Vox Pop Archives

June 13, 2007

Cheer up, Doug

Does Father Smiff's pal Doug Henwood really get it?

Sure, he can hit the spot:

What is it with people on the left? So eager to put 30 million people out of work -- the modern equivalent of the 1929-32 rise in unemployment -- to make a political point?
But does he understand how the big system works -- the global TNC express?
Populism is almost always by definition vague; it rarely has an analysis more profound than "somebody's ripping us off," nor a prescription more detailed than a change of personnel. Some resentment against "trade agreements" was mobilized, but legal documents like NAFTA have a lot less to do with the world that has emerged over the last couple of decades than the relentless lowering of transportation and communications costs, which have made global production networks possible, and the deliberate attacks on unions and welfare states.

In any case, the lesson I learned from the 1987 crash was that the ruling class had mastered the art of state--led bailouts. Despite all their talk of market discipline, they would never hesitate to mobilize the full resources of government to keep the economy from imploding. Left untreated, an implosion would impoverish the rich -- and enough other people to threaten political stability. So the savings & loans were bailed out to the tune of $200 billion, with hardly any public debate -- no talk, for example, of turning the failed institutions into democratically controlled development banks. Citibank was quietly nationalized until it could get back on its feet. And Alan Greenspan, that Ayn Rand protege who never shied away from using the state to rescue troubled capitalists, drove interest rates way down and kept them there, which kept the heavily indebted and their bankers alive. Of course, that round of low interest rates helped launch the stock market bubble of the 1990s. And when that bubble burst in 2000, Greenspan & Co. were there again to push interest rates down even lower. And that round of low interest rates helped launch the housing bubble of the early oughts -- ad infinitum.

Sidelight: Doug shares a fond fear of the prudent prog:

What guarantee would there be that people would look to humane collective action in a crisis? They could just as easily fall in step with jackbooted xenophobes.
But here's the rub, a limp reflective causology, bad meme moonshine:
But why has the class war been so easy? Why has there been so little resistance? There are several reasons, among them the atomization and political disengagement of the American masses. But I'd also want to emphasize the durability of that Yankee-Protestant tradition in the culture... American Protestants [palefaced wage class division included -- O.P]... have long had a deep sympathy for The Market. Since they see humans as fallen, corrupt creatures always in need of a good kick in the ass, they revere it as a wonderful mechanism of social discipline, punishing the lazy and rewarding the hard-working. If people are poor, it's because they're immoral, impatient, or wasteful.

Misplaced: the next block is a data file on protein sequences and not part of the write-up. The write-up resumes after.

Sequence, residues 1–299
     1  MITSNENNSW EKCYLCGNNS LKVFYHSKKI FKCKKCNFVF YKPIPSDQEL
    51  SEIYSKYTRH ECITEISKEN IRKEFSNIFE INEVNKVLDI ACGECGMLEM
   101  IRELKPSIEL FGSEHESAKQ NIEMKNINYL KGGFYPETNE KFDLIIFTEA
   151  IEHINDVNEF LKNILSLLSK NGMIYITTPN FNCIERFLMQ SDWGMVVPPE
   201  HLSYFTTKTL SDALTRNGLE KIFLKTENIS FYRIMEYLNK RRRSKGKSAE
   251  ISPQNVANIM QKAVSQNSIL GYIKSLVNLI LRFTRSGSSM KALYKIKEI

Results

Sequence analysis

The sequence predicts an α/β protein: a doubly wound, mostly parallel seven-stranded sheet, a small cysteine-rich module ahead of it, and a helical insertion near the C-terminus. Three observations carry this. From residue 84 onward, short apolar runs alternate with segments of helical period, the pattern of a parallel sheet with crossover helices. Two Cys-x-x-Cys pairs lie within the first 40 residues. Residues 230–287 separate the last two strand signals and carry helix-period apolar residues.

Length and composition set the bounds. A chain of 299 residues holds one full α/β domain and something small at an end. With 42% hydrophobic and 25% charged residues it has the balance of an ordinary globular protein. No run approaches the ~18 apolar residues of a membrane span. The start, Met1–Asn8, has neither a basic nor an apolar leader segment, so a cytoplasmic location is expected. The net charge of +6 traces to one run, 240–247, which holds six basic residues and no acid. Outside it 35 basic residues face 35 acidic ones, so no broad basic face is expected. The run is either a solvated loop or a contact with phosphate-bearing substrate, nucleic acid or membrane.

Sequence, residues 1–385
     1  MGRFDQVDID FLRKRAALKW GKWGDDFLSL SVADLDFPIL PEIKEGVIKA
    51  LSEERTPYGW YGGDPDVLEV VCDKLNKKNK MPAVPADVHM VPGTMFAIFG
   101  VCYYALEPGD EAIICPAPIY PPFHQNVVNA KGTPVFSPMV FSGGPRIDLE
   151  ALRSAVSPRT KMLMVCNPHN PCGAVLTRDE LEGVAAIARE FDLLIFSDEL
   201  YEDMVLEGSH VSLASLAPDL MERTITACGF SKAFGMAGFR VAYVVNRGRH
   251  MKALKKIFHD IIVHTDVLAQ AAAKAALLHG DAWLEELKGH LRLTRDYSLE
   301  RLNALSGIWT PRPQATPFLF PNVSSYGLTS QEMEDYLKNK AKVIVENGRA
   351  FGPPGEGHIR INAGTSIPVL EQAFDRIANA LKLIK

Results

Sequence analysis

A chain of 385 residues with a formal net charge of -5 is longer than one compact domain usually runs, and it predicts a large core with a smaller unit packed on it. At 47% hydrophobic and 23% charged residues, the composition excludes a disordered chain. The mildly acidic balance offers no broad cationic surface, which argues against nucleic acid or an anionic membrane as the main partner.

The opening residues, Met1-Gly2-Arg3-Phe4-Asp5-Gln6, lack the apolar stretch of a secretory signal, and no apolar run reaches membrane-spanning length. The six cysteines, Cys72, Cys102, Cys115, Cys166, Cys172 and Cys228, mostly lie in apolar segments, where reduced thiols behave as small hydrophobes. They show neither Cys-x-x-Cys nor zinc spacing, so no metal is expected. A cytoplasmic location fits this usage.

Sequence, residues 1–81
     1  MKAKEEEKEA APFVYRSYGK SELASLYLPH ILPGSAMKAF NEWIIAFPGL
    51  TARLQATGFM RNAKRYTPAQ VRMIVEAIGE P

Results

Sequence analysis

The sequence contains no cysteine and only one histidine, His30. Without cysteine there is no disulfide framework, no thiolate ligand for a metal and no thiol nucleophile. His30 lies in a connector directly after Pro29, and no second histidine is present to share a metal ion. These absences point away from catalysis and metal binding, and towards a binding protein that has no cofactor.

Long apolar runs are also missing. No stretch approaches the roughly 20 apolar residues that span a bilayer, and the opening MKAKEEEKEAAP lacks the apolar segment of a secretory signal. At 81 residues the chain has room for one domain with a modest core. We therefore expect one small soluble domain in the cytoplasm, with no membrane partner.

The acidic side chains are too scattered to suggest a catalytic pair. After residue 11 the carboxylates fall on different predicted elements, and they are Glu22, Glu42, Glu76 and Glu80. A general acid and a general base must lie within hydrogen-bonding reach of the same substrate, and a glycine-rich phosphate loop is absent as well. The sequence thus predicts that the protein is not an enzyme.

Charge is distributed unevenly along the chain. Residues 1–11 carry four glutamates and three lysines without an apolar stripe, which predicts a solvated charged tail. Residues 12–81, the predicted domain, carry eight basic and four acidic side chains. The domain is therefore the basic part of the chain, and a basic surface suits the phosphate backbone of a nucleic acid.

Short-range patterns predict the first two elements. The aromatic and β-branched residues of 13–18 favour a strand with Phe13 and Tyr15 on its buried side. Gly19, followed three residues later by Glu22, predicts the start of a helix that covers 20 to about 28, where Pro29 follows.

He even quotes the great C Wright Mills:
[A]mong the mass distractions this feeling [of rage at the latest 'crisis and scandal'] soon passes harmlessly away. For the American distrust of the high and mighty is a distrust without doctrine and without political focus; it is a distrust felt by the mass public as a series of more or less cynically expected disclosures.
Hell, sez Doug, the smurfy hoi-polloi fools don't even believe its... a struggle!
the electorate despises conflict, and has a naive idea that politics isn't about struggles over principles and material shares, but working for the common good
So cometh a bilious pessimism:
even things that shouldn't involve much shaking, like national health insurance, seem only slightly less impossible than total revolution.
...and yet Isaiah speaks to the nation:
in many areas of political life there is no common good. The normal operation of the economic system requires that some do badly so that a few do well, and any attempt to redress that imbalance is going to provoke conflict. There's no painless way to make the poor less poor or the middle more secure; people at the top will have to be expropriated. It's very hard to say that in public in the USA.